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Yakuza 6 is 2018’s grittiest, most karaoke-filled arcade game collection

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Sega’s localization team leads a tour of Kamurocho

It’s fair to find Yakuza 6: The Song of Life intimidating at first. It’s the sixth entry in a long-running series that’s heavily steeped in Japanese culture. But as producer Sam Mullen told us during a hands-on preview with the final chapter in Kiryu Kazama’s saga, there are plenty of entry points for newcomers. While the localization team doing the heavy lifting to make Yakuza accessible to Western players, Mullen showed us that there are plenty of parts that transcend cultural differences.

One of those things is the absurd image of a stoic man pouring his heart into an original Japanese ballad, getting so invested that he’s transported into another world entirely. Another is the simple catharsis of dunking on street punks who think they’re strong enough to take on a trained yakuza. (Spoiler: They’re not.) And we’ve already shared what may be the funniest moment in the early part of Yakuza 6: a sidequest in which Kiryu becomes everyone’s favorite mascot, Ono Michio-kun.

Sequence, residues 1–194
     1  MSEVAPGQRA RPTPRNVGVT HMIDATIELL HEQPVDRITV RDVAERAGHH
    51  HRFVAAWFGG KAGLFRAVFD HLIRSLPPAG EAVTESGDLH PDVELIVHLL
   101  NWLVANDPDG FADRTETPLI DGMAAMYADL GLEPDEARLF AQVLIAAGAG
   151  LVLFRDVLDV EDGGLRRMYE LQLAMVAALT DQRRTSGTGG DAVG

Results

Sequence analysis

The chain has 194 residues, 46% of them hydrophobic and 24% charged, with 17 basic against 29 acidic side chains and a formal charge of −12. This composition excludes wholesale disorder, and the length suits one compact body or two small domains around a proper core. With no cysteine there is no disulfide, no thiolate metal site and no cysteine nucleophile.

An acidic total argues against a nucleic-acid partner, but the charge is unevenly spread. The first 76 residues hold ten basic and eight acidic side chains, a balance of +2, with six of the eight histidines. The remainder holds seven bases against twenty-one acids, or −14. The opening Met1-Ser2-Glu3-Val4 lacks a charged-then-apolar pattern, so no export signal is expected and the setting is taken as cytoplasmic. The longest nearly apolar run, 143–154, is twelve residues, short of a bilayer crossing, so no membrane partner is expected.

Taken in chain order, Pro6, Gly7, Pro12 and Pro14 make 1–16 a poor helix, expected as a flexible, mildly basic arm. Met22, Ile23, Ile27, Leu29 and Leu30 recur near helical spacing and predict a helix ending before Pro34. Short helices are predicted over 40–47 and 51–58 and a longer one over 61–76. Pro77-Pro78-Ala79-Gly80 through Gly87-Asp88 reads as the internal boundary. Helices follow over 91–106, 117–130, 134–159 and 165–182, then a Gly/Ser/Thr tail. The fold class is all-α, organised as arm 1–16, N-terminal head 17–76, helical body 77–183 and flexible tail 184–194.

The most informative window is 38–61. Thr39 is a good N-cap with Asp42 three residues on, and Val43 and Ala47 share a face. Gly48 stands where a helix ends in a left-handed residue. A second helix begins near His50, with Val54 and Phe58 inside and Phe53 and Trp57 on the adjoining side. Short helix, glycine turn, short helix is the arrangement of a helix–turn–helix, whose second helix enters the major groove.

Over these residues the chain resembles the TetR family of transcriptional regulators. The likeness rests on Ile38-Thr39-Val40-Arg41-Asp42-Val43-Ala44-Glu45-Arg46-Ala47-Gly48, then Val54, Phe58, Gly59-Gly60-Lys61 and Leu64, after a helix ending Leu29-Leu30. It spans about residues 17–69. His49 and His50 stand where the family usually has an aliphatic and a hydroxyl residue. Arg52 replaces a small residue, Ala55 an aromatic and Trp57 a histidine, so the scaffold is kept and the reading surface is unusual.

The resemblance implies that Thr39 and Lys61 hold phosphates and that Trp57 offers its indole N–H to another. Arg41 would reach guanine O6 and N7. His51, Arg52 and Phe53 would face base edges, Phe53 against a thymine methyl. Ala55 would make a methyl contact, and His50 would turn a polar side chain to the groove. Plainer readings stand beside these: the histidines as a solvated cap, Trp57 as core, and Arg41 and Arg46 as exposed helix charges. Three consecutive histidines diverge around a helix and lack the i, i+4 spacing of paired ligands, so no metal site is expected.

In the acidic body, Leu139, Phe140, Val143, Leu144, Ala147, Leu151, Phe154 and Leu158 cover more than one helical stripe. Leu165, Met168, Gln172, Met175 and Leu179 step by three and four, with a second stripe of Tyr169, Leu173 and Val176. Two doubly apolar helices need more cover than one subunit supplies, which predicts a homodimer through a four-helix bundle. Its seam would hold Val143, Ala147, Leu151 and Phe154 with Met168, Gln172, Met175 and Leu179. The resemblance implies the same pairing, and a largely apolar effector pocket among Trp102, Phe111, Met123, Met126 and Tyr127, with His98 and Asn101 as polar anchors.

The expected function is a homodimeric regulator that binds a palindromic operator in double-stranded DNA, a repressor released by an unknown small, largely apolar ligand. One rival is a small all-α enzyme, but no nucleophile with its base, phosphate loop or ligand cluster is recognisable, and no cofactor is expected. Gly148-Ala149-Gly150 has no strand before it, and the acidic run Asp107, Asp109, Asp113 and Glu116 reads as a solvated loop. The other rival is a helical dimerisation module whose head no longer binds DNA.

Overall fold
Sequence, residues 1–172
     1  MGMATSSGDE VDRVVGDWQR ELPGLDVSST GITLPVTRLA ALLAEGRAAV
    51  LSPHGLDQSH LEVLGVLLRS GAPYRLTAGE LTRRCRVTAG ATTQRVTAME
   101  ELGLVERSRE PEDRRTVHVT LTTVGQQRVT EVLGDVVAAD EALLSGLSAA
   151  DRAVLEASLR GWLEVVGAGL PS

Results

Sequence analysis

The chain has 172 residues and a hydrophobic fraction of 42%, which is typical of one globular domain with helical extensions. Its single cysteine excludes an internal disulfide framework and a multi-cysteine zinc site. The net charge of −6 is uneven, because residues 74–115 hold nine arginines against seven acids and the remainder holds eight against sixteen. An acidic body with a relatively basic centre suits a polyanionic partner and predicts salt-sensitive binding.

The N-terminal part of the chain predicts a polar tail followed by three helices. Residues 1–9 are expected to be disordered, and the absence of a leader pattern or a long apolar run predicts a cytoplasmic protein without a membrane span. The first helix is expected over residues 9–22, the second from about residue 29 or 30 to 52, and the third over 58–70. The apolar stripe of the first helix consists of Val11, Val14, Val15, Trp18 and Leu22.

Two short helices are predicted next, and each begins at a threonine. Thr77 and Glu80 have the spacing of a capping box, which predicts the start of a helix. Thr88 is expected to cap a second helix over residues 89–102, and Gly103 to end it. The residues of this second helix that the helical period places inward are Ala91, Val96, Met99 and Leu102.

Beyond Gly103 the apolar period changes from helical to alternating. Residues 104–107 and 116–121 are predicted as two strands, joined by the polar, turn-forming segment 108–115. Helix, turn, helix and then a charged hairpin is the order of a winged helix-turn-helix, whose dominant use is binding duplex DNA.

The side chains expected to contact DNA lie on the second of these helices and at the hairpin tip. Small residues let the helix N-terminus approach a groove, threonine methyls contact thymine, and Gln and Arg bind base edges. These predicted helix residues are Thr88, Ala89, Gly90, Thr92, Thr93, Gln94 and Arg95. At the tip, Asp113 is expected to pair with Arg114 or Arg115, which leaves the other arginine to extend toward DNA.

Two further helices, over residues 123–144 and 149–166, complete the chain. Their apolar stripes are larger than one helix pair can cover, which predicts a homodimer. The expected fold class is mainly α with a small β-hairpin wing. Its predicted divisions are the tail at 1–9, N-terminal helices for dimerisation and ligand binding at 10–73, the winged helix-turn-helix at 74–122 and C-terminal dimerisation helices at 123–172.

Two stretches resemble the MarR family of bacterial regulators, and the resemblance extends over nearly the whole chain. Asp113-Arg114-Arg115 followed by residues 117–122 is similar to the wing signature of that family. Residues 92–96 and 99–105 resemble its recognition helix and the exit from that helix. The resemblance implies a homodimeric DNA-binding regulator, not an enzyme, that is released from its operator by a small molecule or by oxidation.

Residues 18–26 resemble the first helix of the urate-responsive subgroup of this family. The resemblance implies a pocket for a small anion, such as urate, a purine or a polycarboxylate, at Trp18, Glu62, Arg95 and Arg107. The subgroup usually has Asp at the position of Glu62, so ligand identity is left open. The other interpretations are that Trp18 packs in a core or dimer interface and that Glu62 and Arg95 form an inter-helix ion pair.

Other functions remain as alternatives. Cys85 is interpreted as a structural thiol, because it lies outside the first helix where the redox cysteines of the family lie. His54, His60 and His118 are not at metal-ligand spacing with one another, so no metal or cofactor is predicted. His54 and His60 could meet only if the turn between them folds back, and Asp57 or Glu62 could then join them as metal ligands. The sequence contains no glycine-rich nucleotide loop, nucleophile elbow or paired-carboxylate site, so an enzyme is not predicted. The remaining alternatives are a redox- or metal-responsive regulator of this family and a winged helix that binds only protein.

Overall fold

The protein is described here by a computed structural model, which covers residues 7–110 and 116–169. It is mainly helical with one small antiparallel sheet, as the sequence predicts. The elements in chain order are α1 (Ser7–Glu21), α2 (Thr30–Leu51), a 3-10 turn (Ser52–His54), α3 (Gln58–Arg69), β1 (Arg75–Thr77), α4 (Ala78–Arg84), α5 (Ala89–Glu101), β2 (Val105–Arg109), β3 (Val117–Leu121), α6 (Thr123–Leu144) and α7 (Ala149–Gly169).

We also got to check out a surprisingly neat new game mode, the Clan Creator, where Kiryu gets to cobble together people he meets from his journey into a fighting squad. From there, he can direct them in fights against other enemies — so if you want to watch some fights instead of taking part in them, this is a nice mode to kick back with.

These myriad moments make Yakuza 6 a refreshingly quirky open-world game, one that we felt comfortable jumping into with minimal setup. (We even took a break to play Virtua Fighter 5 and Puyo Puyo, both of which are accessible in full from the main menu.) Watch our preview above to see just how the team at Sega made Yakuza 6 an accessible experience ahead of its April 17 launch on PlayStation 4.